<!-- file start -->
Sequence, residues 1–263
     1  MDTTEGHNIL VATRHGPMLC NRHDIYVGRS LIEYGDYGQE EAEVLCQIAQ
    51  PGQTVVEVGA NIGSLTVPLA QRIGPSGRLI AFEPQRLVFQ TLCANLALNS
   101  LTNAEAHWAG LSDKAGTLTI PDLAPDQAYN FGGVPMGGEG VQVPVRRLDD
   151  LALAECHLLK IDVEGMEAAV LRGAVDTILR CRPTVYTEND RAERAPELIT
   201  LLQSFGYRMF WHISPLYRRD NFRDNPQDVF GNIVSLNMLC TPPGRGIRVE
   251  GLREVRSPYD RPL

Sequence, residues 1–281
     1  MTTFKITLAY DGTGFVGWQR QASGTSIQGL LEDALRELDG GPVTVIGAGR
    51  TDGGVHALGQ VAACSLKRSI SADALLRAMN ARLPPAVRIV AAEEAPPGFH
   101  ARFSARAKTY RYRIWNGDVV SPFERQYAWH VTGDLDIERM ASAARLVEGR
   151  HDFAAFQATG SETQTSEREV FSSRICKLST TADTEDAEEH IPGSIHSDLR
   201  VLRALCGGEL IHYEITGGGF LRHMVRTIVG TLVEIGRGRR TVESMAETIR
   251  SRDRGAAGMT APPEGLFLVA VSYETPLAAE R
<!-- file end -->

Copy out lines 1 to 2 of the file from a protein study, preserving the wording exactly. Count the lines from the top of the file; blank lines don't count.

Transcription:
Sequence, residues 1–263
     1  MDTTEGHNIL VATRHGPMLC NRHDIYVGRS LIEYGDYGQE EAEVLCQIAQ